I was very pleased to see my home state send this letter (posted below) to the National 4-H Headquarters. 4-H alumni from around the country are very concerned about this. Unfortunately, in my conversation yesterday with a public relations specialist from USDA, I was informed that Lisa Hampton, the lady listed as the contact for this conference, would not be taking any calls or answering any questions. How incredibly disappointing it is that those who are leading our national 4-H program are refusing to talk to the volunteer leaders who are the lifeblood of this organization. Without those volunteers, there wouldn’t be a 4-H program. This was true when I was a member myself and it’s the reason I became a volunteer leader. Hopefully more states will continue to share their frustration with this embarrassing situation.
I would like to also mention that I tried to talk to the National 4-H office before I made any mention of this on my blog. I hope they will learn a lesson here that if they had been willing to talk about this right away that this thing may have been handled differently. Instead, they are still refusing to talk about it.
Date: April 6, 2010
To: Lisa Lauxman Director, Youth Development, National CYFAR National 4-H Headquarters
From: Dr. Latif Lighari Associate Dean and Director South Dakota Cooperative Extension Service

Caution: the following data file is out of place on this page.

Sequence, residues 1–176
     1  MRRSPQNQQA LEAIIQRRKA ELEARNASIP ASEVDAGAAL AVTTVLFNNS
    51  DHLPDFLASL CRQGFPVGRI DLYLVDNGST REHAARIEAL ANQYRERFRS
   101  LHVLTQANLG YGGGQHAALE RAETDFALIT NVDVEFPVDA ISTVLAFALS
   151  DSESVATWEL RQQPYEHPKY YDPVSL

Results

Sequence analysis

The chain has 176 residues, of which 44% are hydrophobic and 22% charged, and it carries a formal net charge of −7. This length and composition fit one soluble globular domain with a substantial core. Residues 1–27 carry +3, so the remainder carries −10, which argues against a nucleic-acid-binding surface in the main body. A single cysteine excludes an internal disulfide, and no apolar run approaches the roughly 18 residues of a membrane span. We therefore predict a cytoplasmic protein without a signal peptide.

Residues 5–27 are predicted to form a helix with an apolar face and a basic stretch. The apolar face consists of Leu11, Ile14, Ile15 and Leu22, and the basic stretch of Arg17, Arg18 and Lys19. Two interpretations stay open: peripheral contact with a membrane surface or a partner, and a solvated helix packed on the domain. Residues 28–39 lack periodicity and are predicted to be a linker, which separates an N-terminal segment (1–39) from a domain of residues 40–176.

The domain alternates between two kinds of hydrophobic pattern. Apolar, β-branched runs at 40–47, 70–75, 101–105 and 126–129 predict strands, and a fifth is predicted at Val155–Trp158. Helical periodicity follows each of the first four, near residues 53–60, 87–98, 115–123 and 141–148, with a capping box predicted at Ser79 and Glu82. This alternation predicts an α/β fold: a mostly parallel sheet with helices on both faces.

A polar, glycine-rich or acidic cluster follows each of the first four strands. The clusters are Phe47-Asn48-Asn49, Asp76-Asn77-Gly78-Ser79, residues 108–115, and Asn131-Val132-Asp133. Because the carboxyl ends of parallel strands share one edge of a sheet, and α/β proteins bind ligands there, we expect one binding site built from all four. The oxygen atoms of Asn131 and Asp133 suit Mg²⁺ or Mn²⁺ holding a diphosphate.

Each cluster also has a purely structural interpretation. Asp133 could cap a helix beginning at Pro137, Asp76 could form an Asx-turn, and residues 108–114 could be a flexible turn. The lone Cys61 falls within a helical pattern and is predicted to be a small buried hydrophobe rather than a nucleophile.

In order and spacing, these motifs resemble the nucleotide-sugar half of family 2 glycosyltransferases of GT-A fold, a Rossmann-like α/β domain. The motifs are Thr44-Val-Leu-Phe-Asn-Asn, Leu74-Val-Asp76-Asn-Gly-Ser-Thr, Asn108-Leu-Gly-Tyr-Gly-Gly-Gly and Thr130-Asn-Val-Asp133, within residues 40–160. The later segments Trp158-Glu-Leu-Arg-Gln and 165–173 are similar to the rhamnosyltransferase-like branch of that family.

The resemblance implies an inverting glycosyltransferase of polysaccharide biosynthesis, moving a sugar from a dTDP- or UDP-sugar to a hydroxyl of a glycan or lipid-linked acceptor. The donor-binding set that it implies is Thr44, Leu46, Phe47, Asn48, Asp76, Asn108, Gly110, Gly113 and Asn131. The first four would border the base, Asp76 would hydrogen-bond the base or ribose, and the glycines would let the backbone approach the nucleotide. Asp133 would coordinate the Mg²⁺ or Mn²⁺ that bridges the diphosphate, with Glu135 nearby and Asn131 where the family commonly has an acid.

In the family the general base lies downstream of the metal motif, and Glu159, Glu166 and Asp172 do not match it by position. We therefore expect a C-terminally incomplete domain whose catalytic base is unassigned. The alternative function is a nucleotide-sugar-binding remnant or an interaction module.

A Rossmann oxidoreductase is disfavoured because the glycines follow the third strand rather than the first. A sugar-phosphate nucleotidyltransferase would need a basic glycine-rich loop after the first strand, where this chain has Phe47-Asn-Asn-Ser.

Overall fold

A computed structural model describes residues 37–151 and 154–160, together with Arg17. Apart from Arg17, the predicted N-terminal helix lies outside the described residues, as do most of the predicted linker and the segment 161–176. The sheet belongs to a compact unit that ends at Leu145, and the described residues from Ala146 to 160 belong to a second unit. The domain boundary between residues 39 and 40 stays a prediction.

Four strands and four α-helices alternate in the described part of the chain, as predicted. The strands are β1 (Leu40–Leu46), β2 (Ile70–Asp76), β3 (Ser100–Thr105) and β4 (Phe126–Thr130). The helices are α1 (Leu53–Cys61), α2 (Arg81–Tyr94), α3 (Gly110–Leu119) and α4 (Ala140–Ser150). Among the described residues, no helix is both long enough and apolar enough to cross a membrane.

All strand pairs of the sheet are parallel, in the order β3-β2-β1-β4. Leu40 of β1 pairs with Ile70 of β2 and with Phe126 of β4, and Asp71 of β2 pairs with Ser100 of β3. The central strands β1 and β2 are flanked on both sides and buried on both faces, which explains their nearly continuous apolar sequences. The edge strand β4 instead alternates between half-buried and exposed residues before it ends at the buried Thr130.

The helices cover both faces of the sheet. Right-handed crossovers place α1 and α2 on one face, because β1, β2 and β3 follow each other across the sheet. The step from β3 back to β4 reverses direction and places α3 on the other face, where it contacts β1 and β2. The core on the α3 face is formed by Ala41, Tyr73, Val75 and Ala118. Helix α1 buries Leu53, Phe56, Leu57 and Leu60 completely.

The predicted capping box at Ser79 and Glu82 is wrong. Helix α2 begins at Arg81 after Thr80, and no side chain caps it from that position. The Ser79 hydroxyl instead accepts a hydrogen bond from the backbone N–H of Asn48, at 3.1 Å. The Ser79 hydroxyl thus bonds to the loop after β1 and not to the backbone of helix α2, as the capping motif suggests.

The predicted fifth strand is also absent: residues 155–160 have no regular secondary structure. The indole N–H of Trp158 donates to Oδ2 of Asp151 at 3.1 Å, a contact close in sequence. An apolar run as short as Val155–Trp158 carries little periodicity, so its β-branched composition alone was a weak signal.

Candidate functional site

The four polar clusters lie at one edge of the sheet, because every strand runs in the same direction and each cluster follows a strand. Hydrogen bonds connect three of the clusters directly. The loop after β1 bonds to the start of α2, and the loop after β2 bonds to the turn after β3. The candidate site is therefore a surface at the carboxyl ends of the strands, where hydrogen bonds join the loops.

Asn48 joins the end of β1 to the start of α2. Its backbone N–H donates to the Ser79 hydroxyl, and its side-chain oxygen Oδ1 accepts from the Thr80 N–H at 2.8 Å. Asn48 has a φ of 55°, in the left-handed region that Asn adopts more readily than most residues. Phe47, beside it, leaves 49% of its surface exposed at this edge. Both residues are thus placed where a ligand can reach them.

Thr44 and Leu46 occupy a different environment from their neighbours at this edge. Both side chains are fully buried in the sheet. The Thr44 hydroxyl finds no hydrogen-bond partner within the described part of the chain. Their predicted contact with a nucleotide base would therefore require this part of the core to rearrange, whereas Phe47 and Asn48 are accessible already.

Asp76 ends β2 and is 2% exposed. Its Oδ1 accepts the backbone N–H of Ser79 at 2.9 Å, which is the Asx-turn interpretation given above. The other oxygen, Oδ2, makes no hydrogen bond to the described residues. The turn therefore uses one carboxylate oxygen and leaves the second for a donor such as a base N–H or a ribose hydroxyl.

Re: South Dakota Cooperative Extension Service Position on HSUS at National 4-H Conference
I am writing to register the strong concern of the South Dakota Cooperative Extension Service regarding a program offered by the Humane Society of the United States (HSUS) at the 2010 National 4-H Conference on March 23. We are deeply troubled that the HSUS proposal would have been reviewed by the national conference planning committee and found to be acceptable. To consider a group that is known to be controversial and less than supportive of U.S. agriculture is ill-considered.
The South Dakota Cooperative Extension Service, which administers the South Dakota 4-H program, does not agree with the policies and practices of the Humane Society of the United States as they relate to U.S. agriculture. The South Dakota 4-H program has a long and honored tradition of helping young people understand the role of science and critical thinking when forming their own personal opinions. We understand our responsibility to be vigilant with regard to the messages, however subtle, that children may encounter through programs offered by 4-H.
South Dakota 4-H leadership would not knowingly allow our youth delegation to attend a national program that has not been properly vetted. Had we known that this program would be exclusively presented by HSUS, we would not have encouraged minor 4-H members to attend.
As your colleagues, we request that you give thoughtful consideration to implementing a more rigorous peer review of all future programs. In keeping with our commitment to youth, we ask that the review consider not only the proposed topic to be presented, but also track record and common interests of the presenter and affiliated organization.